Zero-Copy Architectures Are the Future
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In a previous post, I discussed the unbridled copying of data by IT and the new design principle called data minimization, and I said that it was time for data-on-demand architectures. In fact, the post was a plea for developing zero-copy architectures.

Although zero copying of data may not be realistic in the near future, we should still strive for it. It is like zero-emission cars. If the entire life-cycle of such cars is considered, they do emit CO2. If the energy used while driving the cars and during their construction does not come from wind, solar or nuclear power, they still emit CO2. But the car industry strives for zero emission, and that is recommendable. It is time we do something similar with data architectures: we should strive for zero-copying of data in our architectures.

In this post I focus on intra-organization copying of data and how data virtualization can help to make this dream come true. I will provide four examples of what can be done.

Example 1: Replace file transfer by a data-on-demand solution

In a popular form of copying a file is created every night or weekend containing data extracted from source systems. This file is transferred to a receiving party. There, the data is received, transformed, and loaded into their systems to make the data available to users. Many copies of the data are created in this architecture. The extracted file is the first copy, the received file is the second copy, and the loaded data is the third.

The disadvantages of this approach are many. The data has a high data latency, because in many organizations it can take a day or more for new transferred data to become available. Also, the file transfer process can go wrong, making the new data being unavailable. Significant human resources are needed to develop the programs for copying, transferring, loading, and transforming the data, and also for managing the scheduling of the copying processes. What we should not underestimate is that with each copy created, it becomes more difficult to comply with data privacy and security regulations.

Such an architecture can be replaced by installing a data virtualization server on the side of the sender and allowing the receiving party to send queries to retrieve the data (the same data they would normally receive through a file transfer mechanism). In this case, the data virtualization server receives the queries, extracts the data from the sources, transforms it, and returns the result.

This data-on-demand solution leads to less copying, solving many of the problems mentioned here. The workload is now a challenge. The workload of a file transfer solution is highly predictable. Not so with a data-on-demand solution, because it is unpredictable as to how often and when the receiving party will request data. Therefore, the sender must run the system on a platform that offers sufficient scalability and availability.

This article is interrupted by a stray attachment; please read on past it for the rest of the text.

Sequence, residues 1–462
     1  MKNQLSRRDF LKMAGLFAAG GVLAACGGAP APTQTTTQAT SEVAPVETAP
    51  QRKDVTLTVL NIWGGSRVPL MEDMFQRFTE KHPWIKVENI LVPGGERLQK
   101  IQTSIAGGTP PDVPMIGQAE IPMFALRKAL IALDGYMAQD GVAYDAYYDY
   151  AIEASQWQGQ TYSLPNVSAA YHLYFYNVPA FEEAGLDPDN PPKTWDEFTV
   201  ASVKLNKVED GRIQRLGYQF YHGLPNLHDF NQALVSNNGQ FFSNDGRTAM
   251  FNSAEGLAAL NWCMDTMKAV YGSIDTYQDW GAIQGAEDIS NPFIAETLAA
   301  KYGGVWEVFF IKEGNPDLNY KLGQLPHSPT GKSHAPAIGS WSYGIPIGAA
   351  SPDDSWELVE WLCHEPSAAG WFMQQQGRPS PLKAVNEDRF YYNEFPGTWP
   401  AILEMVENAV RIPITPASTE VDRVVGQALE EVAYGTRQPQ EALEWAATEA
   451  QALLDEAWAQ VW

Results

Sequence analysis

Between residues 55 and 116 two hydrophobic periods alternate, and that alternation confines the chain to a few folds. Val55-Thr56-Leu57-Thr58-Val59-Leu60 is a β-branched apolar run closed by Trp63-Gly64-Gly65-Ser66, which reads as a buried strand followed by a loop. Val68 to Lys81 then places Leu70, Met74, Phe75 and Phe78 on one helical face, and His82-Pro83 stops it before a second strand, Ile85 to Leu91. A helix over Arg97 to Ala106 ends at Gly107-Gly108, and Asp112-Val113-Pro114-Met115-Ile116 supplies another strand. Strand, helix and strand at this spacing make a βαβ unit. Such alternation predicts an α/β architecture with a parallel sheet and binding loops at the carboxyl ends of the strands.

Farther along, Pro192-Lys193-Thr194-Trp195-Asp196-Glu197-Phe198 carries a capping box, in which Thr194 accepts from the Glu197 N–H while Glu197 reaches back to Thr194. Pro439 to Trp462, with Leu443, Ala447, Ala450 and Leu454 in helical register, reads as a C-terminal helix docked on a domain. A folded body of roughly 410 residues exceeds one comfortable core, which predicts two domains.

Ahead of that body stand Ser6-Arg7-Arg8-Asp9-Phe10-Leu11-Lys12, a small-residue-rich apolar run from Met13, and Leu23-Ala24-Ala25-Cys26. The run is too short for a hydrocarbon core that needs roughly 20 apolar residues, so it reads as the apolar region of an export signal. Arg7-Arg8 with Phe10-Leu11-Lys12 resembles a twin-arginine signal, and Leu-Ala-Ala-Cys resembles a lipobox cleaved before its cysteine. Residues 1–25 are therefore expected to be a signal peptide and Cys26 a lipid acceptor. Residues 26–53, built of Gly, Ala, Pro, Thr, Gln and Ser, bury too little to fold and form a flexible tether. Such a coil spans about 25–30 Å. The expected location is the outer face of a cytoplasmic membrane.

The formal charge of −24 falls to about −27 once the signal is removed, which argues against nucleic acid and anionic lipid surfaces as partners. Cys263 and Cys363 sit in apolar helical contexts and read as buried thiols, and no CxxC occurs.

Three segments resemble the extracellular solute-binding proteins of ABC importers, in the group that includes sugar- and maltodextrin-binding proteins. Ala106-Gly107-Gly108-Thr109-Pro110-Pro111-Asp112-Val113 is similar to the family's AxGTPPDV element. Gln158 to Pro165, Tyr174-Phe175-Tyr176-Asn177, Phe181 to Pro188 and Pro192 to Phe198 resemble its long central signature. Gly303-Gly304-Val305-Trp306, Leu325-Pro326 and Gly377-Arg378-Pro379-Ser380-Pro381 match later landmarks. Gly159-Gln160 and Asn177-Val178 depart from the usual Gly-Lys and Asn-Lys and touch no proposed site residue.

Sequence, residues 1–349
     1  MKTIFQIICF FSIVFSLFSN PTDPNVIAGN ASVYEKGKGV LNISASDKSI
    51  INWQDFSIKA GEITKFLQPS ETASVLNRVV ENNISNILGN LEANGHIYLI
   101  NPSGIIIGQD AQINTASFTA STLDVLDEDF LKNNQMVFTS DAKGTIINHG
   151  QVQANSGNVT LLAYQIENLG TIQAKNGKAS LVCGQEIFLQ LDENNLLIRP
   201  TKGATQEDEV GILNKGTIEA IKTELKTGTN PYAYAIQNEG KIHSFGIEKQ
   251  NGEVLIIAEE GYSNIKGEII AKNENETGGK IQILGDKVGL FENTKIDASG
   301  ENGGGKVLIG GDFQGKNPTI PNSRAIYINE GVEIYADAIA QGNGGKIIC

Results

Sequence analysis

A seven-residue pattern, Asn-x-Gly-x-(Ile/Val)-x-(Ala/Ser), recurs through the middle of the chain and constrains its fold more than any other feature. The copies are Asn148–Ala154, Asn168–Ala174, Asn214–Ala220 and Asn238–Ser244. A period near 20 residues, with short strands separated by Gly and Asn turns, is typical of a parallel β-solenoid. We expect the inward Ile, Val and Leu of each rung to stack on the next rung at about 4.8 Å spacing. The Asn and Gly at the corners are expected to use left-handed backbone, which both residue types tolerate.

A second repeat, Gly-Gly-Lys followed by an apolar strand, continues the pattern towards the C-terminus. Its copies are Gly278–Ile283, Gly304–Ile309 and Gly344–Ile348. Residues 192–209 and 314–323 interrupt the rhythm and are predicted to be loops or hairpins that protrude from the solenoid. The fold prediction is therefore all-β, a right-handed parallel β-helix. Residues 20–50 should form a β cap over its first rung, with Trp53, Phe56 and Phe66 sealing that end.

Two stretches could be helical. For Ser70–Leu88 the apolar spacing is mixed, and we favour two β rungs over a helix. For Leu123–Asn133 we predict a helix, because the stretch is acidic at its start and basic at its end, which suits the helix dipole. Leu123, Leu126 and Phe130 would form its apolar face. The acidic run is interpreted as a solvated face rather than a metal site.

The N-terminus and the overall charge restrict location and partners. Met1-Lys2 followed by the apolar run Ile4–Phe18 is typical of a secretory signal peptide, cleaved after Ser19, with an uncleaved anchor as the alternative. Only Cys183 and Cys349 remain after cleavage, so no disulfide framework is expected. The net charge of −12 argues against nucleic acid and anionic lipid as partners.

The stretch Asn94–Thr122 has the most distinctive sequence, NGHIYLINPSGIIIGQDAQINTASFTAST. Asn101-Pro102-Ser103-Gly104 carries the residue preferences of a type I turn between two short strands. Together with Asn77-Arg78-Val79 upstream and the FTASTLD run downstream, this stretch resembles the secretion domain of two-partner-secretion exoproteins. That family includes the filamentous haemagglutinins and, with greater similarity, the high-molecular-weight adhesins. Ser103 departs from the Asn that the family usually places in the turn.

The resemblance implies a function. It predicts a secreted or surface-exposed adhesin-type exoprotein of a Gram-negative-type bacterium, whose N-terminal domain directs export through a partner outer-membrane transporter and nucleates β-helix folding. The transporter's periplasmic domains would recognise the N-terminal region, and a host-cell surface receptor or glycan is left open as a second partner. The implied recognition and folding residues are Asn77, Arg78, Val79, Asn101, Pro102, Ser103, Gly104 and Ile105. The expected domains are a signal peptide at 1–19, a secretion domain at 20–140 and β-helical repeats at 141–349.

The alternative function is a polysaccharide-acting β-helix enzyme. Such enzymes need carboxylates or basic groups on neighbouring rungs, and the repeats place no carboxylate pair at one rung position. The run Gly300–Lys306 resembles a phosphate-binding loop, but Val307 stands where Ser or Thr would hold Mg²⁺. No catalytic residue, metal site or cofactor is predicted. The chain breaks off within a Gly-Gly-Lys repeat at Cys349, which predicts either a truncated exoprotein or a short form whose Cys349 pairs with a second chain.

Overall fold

Example 2: Replace file transfer to many receivers by a data-on-demand solution

The second example is comparable to the previous one. The difference is that the file is not transferred to one but to many receivers. Such an architecture can result in an enormous number of copies. Each receiver stores multiple copies of the data. By replacing such a solution with a data virtualization-driven, data-on-demand solution, it is transformed into a zero-copy architecture. The advantages mentioned in the previous example also apply here, but they are much more extensive due to the number of receivers.

Example 3: Replace full file transfer by a single-record, data-on-demand solution

In some situations, files are transferred that contain all the data, while the receiver uses only a few records. The whole file is transferred because the receiver does not know in advance which records will be needed. In a zero-copy alternative, a data virtualization server handles the queries and returns only those records that are needed at the time.

Example 4: Replace file transfer by realtime, ad-hoc queries

In the previous examples, the receiver always needs the same data. It is as if the query to determine the required data is predefined. In some file transfer solutions, however, the receiver needs the data to execute ad-hoc queries. In other words, the receiver does not know in advance what data it needs and therefore asks for all of it. Such an architecture can be simplified and turned into a zero-copy architecture by allowing the receiver to run the queries directly on the sources of the sender through a data virtualization server.

Data Virtualization Comes to the Rescue

These are just a few examples of architectures in which file-transfer solutions resulting in many copies can be replaced by zero-copy architectures.

The role of data virtualization in all of them is manyfold. It retrieves the requested data from the sources, optimizes that access, integrates data from multiple sources if needed, and transforms, aggregates, filters, calculates, and secures the data. It transforms the data into consumable data. It becomes the gateway to the data for external parties.

The movie and music industries have already transformed into respectively video-on-demand and music-on-demand through streaming services. It is time that the same happens for data. The right technology is available. The future is zero-copy architectures.

Rick F. van der Lans
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